One hundred purple balloons floated up into the air to symbolize an end to domestic violence.
Over 50 men gathered earlier this month to sign a pledge against domestic violence at the Westside Community Triage Center, 4133 W. Madison Ave.
This was part of the “100 Man Stand Challenge,” where participants pledged to stand up against all acts of violence. They also pledged to teach younger generations about respecting one another.
“The thing about domestic violence is it’s often times swept under the rug,” said Cook County Commissioner Dennis Deer. “We’re here to publicly denounce domestic violence and all types of violence.”
This year alone, there have been 976 reported assault crimes according to the city of Chicago’s data portal. There were 989 reported assaults at this time in 2017.
The event also highlighted how the new community center provides services for those involved in domestic violence. They offer a variety of services, such as mental health programs and emergency housing.
“A one-time event is not going to have the lasting impact that we need to have within this community,” said Dr. Rashad K. Saafir, president and CEO of the Bobby E. Wright Comprehensive Behavioral Health Center. “We open our facility to you.”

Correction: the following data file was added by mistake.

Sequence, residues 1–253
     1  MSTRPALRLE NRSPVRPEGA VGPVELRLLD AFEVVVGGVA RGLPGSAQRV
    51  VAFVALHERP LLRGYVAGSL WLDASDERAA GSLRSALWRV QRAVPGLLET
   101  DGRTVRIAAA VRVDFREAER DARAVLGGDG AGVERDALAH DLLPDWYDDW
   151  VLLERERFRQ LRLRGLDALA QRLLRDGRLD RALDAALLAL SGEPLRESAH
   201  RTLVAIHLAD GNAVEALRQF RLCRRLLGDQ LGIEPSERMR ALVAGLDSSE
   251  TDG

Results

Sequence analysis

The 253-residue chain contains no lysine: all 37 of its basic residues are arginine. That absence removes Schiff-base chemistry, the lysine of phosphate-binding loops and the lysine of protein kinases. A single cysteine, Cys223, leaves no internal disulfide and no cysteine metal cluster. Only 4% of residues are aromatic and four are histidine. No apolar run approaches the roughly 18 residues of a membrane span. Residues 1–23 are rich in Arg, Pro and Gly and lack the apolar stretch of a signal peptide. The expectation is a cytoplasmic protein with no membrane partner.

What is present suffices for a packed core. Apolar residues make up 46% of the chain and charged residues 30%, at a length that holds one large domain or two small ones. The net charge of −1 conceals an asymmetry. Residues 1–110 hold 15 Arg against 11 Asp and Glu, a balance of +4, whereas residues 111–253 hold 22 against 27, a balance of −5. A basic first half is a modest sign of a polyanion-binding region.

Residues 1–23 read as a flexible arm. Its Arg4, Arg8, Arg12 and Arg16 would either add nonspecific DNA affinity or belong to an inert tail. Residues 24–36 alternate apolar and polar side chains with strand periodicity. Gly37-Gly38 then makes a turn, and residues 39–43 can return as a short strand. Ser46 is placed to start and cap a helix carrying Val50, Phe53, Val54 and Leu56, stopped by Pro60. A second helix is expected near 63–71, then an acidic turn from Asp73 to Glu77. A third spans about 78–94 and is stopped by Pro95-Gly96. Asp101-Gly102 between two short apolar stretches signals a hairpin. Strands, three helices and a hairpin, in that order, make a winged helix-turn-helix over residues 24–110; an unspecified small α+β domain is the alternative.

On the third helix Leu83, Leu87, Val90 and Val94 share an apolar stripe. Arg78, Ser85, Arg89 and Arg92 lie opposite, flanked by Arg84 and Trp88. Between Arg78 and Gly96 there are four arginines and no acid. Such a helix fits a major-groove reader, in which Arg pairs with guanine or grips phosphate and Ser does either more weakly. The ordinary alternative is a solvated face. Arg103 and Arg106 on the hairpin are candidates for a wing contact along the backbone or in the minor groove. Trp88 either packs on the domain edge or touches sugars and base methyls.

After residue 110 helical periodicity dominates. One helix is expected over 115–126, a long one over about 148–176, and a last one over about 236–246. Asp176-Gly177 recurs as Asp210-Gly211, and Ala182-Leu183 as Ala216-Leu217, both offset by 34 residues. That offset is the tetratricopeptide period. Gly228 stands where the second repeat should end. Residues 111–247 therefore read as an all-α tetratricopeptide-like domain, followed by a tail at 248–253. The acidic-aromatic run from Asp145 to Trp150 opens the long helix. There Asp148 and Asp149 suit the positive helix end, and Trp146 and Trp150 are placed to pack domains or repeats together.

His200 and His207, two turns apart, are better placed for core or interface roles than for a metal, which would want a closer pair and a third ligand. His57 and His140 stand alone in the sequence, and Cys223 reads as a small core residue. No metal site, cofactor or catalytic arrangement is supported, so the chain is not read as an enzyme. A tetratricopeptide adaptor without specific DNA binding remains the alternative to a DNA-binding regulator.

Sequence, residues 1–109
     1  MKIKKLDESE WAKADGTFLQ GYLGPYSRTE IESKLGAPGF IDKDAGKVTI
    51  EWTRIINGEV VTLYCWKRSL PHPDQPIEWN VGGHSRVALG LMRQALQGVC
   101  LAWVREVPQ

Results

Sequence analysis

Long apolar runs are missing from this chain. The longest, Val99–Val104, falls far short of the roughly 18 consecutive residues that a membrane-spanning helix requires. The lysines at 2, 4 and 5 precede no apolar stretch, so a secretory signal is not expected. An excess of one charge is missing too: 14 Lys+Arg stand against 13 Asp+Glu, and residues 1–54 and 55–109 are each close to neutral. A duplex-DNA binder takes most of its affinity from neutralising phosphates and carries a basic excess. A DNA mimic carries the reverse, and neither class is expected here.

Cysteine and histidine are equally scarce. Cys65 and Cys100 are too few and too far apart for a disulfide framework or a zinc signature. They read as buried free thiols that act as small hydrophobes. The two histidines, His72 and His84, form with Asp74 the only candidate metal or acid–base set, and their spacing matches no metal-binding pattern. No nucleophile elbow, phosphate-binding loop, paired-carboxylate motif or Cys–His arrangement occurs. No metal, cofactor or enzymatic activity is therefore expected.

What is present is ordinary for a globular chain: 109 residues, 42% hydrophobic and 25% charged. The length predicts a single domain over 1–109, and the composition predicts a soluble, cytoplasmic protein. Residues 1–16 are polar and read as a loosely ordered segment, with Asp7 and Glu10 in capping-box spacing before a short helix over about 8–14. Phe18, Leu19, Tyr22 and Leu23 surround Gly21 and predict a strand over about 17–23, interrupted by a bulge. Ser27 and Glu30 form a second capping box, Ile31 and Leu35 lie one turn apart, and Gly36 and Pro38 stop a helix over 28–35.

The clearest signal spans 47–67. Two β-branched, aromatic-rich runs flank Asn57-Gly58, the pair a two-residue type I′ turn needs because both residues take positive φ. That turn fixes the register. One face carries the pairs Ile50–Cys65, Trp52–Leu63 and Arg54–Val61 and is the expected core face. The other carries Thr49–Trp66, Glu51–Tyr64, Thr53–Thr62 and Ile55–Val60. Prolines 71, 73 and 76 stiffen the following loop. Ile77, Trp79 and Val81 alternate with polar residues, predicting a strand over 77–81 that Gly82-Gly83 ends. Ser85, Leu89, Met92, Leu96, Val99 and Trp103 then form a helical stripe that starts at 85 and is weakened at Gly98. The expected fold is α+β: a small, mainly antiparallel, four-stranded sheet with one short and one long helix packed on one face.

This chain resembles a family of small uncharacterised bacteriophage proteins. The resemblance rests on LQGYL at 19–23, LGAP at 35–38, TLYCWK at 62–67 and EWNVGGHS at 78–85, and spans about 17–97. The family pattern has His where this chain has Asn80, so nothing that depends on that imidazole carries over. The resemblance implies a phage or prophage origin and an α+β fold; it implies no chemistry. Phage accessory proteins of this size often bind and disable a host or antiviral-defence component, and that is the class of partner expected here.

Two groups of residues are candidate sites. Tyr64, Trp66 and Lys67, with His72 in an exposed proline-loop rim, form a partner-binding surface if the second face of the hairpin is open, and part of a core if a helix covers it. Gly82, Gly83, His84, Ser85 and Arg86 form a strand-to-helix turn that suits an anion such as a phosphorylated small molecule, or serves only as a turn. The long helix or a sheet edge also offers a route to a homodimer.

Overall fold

Saafir said domestic violence transcends homes — and it affects communities as well.
This violence can fragment a family and create damaged homes for children to grow up in, Saafir said. In turn, it makes children vulnerable to other negative influences within the community, he added.
“I think it’s critically important that we address this issue from both a mental health standpoint and from a public health standpoint, so that we can we end the terrible effects … domestic violence has on children,” Saafir said.
Deer, the vice president of the Illinois Coalition Against Domestic Violence, highlighted a need to shift the mentality among men. If someone is feeling angry, they should reexamine the cause of the anger and instead use that energy to feel empowered, he said.
“Anger is just like gasoline,” Deer said. “You can pour it on your car and set it on fire, or you can put it in your car.”
Roosevelt Walker said he took the pledge because it’s a way for people to take ownership of the issue. Having the physical pledge card to look at makes it easier for people to adhere to, he added.
“If you stop it in the house, then maybe that kid who will grow up to be a teenager will listen to his feelings and not want to pick up a gun,” Walker said.